Steve Lemon, VP of Business Development and Co-Founder of global payments platform Currencycloud, explains open banking and how it will change the world.

There have been a lot of mixed messages around open banking - with some arguing that banks risk becoming marginalised as a result of the regulation, reduced to little more than wholesale providers, sitting behind a layer of agile fintechs with all the digital prowess providing services to the end customer.

But at the same time, more encouraging views focus on the idea that banks won’t allow themselves to become ‘just dumb balance sheets’ and that the regulation presents an opportunity for them to improve their customer experience, collaborating with best-of-breed fintechs and of course, other banks.

No matter what side of the fence you sit on, the question remains: how can banks and fintechs work together to make innovation a norm; bring about more enhanced customer experiences, and help to bring about more agile banking structures? The answer is in the name: by being more open with one another, and collaborating.

Next stop: collaboration

It’s never been easier for different organisations, such as banks and fintechs, to work together to build a product that is greater than the sum of its parts. APIs (application programming interfaces) have become the most obvious and practical means to do this.

By allowing the integration of various third-party services into banks’ offerings to create new products or enhance existing ones, APIs can help banks attract new customers while also strengthening their existing relationships.

Today, we can already see this happening in a number of ways. Corporate finance directors, for example, can easily make international payments from within an enterprise resource planning system or accounts package they already use.

In the future, it could be possible to have an AI-enabled executive virtual assistant that identifies a better mortgage or savings account available than the one you are currently using and automatically transfer you onto it.

But we are getting ahead of ourselves (for now). By requiring banks to open up their customer data to third parties through secured APIs, banks and fintech firms will be better able to take advantage of each other’s strengths.

For fintechs this would mean access to an extensive customer base; for banks, they would be able to enjoy the ability to innovate. This will allow both to deliver a bigger and better customer experience than either could on their own. Open banking will be beneficial for all involved, leading to a more innovative and collaborative financial market.

Will consumers even want it?

To use Henry Ford as an example, if he had asked consumers what they wanted, he would have been focused on creating faster horses. With that in mind, this isn’t a question that can be asked in the abstract.

If you ask consumers whether they would give Amazon access to their bank account to see their spending patterns and authorise them to make payments on their behalf, the answer would most likely be ‘no’ (especially post Cambridge Analytica...!). But if you offered them a product that enabled Amazon to offer further discounts on purchases and made life easier for them, chances are the answer would be ‘yes’.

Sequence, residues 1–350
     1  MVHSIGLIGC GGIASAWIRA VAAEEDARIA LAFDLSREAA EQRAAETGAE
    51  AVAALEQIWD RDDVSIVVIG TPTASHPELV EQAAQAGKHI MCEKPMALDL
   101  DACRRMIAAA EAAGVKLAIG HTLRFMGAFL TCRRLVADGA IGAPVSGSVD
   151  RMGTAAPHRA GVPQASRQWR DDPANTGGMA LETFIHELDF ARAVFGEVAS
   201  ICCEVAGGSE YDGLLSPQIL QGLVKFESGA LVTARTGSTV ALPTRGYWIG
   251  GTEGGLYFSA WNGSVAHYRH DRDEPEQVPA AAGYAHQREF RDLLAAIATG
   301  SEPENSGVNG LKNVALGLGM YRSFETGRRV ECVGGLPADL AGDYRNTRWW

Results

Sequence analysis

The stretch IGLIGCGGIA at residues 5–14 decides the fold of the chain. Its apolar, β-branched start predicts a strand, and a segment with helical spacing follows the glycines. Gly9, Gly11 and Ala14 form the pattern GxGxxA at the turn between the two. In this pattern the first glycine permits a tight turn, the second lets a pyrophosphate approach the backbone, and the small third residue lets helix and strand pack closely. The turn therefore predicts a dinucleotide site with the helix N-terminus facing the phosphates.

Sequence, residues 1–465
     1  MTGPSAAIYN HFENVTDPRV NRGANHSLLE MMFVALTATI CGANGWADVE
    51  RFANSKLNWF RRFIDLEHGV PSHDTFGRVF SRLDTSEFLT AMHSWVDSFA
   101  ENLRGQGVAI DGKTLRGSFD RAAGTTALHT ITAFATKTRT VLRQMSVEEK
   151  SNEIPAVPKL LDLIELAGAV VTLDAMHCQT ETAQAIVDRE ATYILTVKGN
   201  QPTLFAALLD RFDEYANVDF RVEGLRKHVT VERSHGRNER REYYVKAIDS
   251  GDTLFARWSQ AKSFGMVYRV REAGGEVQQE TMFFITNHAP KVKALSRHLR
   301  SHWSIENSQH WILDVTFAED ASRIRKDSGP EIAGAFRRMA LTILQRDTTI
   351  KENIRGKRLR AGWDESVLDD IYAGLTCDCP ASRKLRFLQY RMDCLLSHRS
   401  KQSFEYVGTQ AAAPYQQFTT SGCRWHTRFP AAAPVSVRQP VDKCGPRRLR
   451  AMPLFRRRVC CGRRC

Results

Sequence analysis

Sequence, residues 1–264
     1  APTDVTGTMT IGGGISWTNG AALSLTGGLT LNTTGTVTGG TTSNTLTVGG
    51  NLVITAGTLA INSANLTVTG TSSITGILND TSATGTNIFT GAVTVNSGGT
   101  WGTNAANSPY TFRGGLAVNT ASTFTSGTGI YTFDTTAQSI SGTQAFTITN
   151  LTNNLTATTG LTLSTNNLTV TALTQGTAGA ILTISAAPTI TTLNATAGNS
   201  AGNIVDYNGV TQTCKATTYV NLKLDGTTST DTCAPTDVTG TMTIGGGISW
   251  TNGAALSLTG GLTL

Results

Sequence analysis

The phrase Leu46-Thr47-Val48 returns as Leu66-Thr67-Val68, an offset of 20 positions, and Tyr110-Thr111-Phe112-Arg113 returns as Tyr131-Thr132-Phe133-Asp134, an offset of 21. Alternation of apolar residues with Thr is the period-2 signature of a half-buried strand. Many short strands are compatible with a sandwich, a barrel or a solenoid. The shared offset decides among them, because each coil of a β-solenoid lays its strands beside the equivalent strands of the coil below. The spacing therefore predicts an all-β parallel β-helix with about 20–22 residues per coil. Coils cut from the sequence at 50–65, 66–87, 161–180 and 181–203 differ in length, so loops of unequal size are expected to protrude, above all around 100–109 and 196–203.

Getting customers to say ‘yes’ is half the battle: there is currently a clear tension between cybersecurity responsibilities and the drive to boost efficiency. Regulators are rightly adding extra steps into transactions in order to protect data more effectively, but that adds friction, which essentially drives up costs.

For example, you wouldn’t put all your valuables on your back seat and then leave the car unlocked in the hope that someone will just respect your property enough not to take it. In the same vein, as you’d expect, many of consumers’ biggest worries around open banking are about the potential misuse or loss of customer data.

If we had asked people just ten years ago whether they would trust an app on their phone to do their online banking, arrange a date for them or order a meal, the likely response would have been ‘what’s an app?’. This is because most people are apathetic to things they can’t see or touch, like risk. Which means there could be a quicker uptake once open banking’s applications have actually been integrated into the consumer experience and people are aware of its benefits. It’s all about how it is presented. So with HSBC’s news that they will be releasing an open banking app soon, the pickup could soon take off.

Data protection

People also worry that third-parties involved won’t have the same cybersecurity or compliance standards as banks. But, while banks are very focused on security, they are slower to innovate, which is why open banking is such an opportunity for consumers.

By letting the bank become a repository for the money and certain parts of the data, and enabling fintechs to take the lead on the analysis and processing of the data, we can supercharge innovation while ensuring that fiduciary responsibilities are also met.

And lest we forget: to participate in the open banking revolution as a fintech you also have to be highly regulated with robust data protection processes.

Changing the world

Open banking’s success will depend on the ability to effectively integrate its applications into the customer experience. In banking currently, people are limited to generic one-size-fits all products and services, and might need multiple accounts to access different services depending on their needs.

Once customers realise the benefits of being able to improve this experience through customised banking options, attitudes to open banking will change and adoption will logically follow.

As Raymond Lowey, an industrial designer once said: ‘the American automobile has changed the habits of every member of modern society.’ And in the same way, that is how open banking will change the world.